The Heavens Above

Summer is not nearly as star-studded up there in the skies as it is in the winter months. Nonetheless there are a few interesting objects out that make for easy viewing.

Mars is roughly opposite the sun, which means it rises around sunset and sets around sunrise, being well placed for observation clear into the winter. It's somewhat bright and has a red cast to it. You'll see it almost directly overhead around midnight, or high up in the south eastern sky around 10 pm. Mars is the next planet out of our solar system, just past Earth.

Venus is the brightest star-like object you'll see in the morning about an hour and a half before sunrise in the east (pictured at left --Issues Photo). It is now approaching greatest brilliancy. The only other "night sky" object brighter than the planet Venus is the Moon. Venus is either seen in the eastern morning sky before sunrise or the western evening sky before sunset and never gets higher than 45 degrees (half way between the horizon and straight up - straight up, by the way, is called the "zenith"). This is because Venus is located between the Earth and the Sun -- an "inner" planet. Its brightness comes from its close distance to the sun.

Right now these are the only two planets we can see with our eyes. As the fall approaches, however, Jupiter and Saturn will start to become visible in the east, eventually moving close to Venus in the sky (called a "conjunction" - when several objects in the sky move a close distance to other objects). While they may look only a few fingers away from each other, in reality they are millions of miles away from each other, Jupiter being the next planet out from Mars and Saturn out even further. These two planets are much larger in size than the Earth, Mars and Venus combined, so they shine brightly because their size and cloud cover reflects the sunlight back to us here on Earth.

--Photo by John Slivoski

In the evening sky, down low in the south west you will still see the primary winter stars of Orion the hunter (with its belt made up of three bright stars, seen in the center of this image with a sword shaped from the four stars moving down at an angle and towards the left -- pictured above).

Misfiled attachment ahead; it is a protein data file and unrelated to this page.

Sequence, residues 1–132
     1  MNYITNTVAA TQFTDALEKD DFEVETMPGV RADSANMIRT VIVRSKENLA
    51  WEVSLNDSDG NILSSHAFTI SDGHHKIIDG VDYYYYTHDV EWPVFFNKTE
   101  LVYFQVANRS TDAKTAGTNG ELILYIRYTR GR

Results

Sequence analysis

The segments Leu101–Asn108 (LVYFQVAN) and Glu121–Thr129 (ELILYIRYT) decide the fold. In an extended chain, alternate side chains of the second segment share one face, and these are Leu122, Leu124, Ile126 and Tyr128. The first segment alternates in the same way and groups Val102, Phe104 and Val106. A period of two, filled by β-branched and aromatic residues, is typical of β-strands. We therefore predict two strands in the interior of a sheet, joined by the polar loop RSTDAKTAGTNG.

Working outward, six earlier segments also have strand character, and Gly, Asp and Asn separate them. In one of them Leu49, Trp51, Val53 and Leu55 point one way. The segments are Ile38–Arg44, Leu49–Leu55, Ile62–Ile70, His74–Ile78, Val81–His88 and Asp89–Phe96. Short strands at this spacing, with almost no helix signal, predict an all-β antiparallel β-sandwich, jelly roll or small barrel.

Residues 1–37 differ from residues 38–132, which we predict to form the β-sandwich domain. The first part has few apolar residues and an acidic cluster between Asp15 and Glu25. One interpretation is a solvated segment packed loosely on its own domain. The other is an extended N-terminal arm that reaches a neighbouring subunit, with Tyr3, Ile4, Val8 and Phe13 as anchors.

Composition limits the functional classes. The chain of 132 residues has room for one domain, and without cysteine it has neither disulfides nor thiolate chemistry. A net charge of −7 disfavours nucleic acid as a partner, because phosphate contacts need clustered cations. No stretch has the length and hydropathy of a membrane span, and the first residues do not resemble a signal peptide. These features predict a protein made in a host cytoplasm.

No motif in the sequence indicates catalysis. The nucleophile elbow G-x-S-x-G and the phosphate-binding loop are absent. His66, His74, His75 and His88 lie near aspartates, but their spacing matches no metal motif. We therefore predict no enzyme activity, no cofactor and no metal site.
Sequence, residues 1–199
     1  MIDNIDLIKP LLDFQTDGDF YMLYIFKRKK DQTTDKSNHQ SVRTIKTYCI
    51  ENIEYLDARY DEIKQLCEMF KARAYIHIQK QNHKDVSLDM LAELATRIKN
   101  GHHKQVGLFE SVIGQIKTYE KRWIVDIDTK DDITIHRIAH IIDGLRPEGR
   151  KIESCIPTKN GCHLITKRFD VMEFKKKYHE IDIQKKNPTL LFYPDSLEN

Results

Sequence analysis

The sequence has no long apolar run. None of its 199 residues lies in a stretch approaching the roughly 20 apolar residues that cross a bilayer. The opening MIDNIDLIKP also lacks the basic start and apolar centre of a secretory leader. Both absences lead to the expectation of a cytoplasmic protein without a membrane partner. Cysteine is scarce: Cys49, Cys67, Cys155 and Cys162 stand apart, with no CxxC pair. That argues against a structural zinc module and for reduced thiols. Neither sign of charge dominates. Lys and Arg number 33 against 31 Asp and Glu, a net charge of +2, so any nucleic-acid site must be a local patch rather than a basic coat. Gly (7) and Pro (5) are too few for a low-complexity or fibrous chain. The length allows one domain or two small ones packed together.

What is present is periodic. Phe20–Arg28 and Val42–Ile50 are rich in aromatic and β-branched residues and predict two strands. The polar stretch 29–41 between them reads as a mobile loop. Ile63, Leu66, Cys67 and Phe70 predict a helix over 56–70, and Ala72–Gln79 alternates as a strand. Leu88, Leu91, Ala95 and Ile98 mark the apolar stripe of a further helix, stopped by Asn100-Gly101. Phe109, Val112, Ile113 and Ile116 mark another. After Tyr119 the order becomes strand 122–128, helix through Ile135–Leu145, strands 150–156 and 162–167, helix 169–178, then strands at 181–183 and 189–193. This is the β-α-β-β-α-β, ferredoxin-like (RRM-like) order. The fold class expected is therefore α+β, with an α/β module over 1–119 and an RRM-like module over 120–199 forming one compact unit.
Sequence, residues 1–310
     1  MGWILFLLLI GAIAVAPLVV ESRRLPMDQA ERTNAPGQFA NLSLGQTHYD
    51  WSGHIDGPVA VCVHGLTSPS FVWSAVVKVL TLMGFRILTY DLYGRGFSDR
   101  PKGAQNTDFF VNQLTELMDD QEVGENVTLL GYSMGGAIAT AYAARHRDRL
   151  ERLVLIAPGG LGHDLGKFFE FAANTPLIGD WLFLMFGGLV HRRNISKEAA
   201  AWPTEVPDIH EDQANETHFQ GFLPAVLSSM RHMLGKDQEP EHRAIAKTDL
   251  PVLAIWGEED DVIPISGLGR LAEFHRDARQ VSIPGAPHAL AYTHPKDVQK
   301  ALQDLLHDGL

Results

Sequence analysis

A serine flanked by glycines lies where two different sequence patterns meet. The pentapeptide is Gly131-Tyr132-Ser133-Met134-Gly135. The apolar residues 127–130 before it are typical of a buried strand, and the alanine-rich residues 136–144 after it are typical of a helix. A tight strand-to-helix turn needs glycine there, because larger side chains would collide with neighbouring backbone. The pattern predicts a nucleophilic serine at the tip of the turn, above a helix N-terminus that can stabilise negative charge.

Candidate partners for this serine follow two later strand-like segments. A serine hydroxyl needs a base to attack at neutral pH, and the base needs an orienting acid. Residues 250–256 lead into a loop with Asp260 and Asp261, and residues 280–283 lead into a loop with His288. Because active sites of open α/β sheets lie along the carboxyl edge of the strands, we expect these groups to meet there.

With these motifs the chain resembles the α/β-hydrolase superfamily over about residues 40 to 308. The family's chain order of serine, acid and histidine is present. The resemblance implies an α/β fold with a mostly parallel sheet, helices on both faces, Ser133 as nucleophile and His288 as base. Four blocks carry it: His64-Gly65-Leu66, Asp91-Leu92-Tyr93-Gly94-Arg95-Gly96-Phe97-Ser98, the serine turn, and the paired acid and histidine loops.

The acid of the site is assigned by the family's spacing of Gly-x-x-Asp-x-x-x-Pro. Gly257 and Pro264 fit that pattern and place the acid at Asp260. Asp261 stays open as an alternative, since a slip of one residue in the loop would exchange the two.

Early in the morning, up near the zenith (straight up in the sky) is a large, easy to see open star cluster called the Pleiades (pictured below). They look very pronounced in a pair of binoculars. Orion will vanish into the glare of the sun later in June and the Pleiades will eventually be in the evening sky all summer.

--Photo by John Slivoski

A total eclipse of the Sun will occur on June 21st, but it will only be visible in the central to lower part of Africa. Parts of Argentina and most of Africa will see a partial eclipse. There are ship cruises planned in the southern Atlantic Ocean, along with several expeditions to Africa specifically for chartered viewing of the total eclipse. For more information go to:

Total solar eclipses are rare, but awesome events that occur when the Moon moves between the Earth and the Sun, casting a shadow along a path of land. Since this path is quite narrow few people ever see a "total" eclipse of the sun unless they travel to a specific location to see the event!

A partial solar eclipse will be largely visible in the Americas (best seen near the Panama Canal zone) in December of this year.

There is also a partial lunar eclipse (these occur when the Moon moves into the shadow cast into space by the Earth as it passes between the moon and the sun) in early July, but it is only visible in Africa, Asia, parts of Russia and only a tad on the west coast of the U.S.

For more information on viewing constellations in the night sky visit:



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